Posts Tagged ‘Cloud City’

Happy 30th Birthday “Emprire Strikes Back”

Friday, May 21st, 2010

I know this has nothing to do with Cloud hosting but it does have to do with “Cloud City” in the second movie in the Star Wars Trilogy.  Yes, the original trilogy.  The only ones that I will watch. Today marks the 30th anniversary of the release of Star Wars: Episode V — The Empire Strikes Back. To this day, many fans consider the sequel the best Star Wars movie ever made. To celebrate, here are 30 facts you might not know about the film.

Whenever I think of “the cloud” I like to think of Cloud City and picture all our data floating around out there.  Some of it older, some newer and all of it floating around.  So, here’s to all you Geeks out there that love Star Wars.  Here are some interesting facts!

Creator George Lucas insisted on moving the credits to the end of the film. The Writers Guild and Directors Guild didn’t approve and tried, but failed, to pull The Empire Strikes Back from release. They fined Lucas and tried to fine Kershner, but Lucas paid all the fines, Lucas paid nearly $250,000 in fines and dropped his membership in the Writers Guild, Directors Guild and the Motion Picture Association of America.

Yoda’s full name was Minch Yoda. In the first draft, he was known only as Minch. Changed for the better, that was.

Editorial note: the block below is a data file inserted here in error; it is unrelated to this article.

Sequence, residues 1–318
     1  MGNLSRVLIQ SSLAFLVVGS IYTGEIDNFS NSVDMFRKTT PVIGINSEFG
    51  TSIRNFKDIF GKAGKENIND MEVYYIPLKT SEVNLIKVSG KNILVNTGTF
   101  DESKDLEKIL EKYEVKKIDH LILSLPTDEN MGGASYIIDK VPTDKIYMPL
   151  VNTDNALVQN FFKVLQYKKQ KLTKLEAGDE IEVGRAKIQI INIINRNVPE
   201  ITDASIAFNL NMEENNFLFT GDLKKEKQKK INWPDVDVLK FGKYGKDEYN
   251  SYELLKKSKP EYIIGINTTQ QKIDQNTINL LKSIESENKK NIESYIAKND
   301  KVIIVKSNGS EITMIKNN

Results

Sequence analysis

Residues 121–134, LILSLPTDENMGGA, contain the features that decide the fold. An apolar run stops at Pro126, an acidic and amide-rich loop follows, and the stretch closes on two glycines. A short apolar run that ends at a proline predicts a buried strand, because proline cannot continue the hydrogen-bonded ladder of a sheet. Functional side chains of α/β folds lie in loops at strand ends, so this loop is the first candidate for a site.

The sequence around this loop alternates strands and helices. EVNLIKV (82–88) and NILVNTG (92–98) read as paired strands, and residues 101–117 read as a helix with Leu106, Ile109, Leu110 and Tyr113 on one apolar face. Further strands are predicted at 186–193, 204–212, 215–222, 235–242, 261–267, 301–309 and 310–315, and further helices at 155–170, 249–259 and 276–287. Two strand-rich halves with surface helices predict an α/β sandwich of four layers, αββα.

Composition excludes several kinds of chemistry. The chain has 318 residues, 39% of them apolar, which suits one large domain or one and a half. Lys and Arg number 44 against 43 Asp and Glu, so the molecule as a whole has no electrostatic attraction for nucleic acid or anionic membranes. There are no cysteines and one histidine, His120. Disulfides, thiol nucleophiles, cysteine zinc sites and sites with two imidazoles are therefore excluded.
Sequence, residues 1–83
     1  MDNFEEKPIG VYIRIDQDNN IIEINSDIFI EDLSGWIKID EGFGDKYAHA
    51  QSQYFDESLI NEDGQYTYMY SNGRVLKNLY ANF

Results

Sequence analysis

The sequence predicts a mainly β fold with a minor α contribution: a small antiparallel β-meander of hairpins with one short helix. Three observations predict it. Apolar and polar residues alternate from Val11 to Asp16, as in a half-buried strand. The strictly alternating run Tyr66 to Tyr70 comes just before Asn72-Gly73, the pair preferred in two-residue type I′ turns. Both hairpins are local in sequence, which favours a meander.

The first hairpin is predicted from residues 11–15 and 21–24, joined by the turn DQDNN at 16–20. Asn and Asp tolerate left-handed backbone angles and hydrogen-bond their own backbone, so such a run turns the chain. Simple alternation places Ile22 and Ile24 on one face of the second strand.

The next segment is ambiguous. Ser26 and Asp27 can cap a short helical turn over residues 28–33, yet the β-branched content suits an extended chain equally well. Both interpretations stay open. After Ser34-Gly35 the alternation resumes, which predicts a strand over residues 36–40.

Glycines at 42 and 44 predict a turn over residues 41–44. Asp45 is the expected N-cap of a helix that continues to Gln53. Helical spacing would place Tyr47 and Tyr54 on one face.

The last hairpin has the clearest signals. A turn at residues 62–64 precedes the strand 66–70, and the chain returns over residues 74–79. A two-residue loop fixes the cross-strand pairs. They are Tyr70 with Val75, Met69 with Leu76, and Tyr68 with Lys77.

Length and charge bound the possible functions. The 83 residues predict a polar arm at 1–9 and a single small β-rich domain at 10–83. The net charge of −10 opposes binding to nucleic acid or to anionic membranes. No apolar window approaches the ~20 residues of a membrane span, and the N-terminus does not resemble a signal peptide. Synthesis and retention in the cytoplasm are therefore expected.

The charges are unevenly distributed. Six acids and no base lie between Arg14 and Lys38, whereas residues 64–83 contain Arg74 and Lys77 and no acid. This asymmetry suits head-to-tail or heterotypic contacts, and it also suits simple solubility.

Kershner initially turned down the chance to direct Empire, but his agent convinced him to give it a go.

Producer Gary Kurtz came up with the title for the film.

Meet Cliff Clavin, Rebel fighter. Before his role as the annoying mailman on Cheers, John Ratzenberger played Major Derlin, a good guy on the ice planet Hoth.

Boba Fett, the memorable bounty hunter, actually debuted in an animated short on The Star Wars Holiday Special in 1978.

Another preemptive hit from 1978: The first depicted lightsaber duel between Darth Vader and Luke Skywalker didn’t happen in Empire, but instead in the 1978 Star Wars novel Splinter of the Mind’s Eye. Vader lost his arm in that battle.

Empire won an Oscar for Best Sound, plus a special award for visual effects. It was nominated for Best Art Direction-Set Direction and Best Original Score.

Lucas spent thousands on an advertising campaign to get Frank Oz an Oscar nomination for best supporting actor for his performance/puppet work with Yoda, the gnomelike Jedi Master. The campaign failed.

The set for the swamp planet Dagobah was elevated to give Oz and other puppeteers room to control the Yoda puppet from below.

Han Solo was frozen in carbonite partly because it was uncertain whether Harrison Ford would be back for a third film. Unlike Mark Hamill (Luke Skywalker) and Carrie Fisher (Princess Leia), Ford refused to be signed for a three-picture deal. He even asked Lucas to kill off Han.

In the original Star Wars trilogy, the only time Darth Vader and C-3PO share the screen is during the carbon freezing scene. The 1999 prequel, The Phantom Menace revealed a young Anakin Skywalker, who would become Vader, actually built C-3PO.

An early version of Lando Calrissian, the role made famous by Billy Dee Williams, had Lando not as head of Cloud City but instead the clone leader of a clan left over from the Clone Wars, which takes place well before Empire.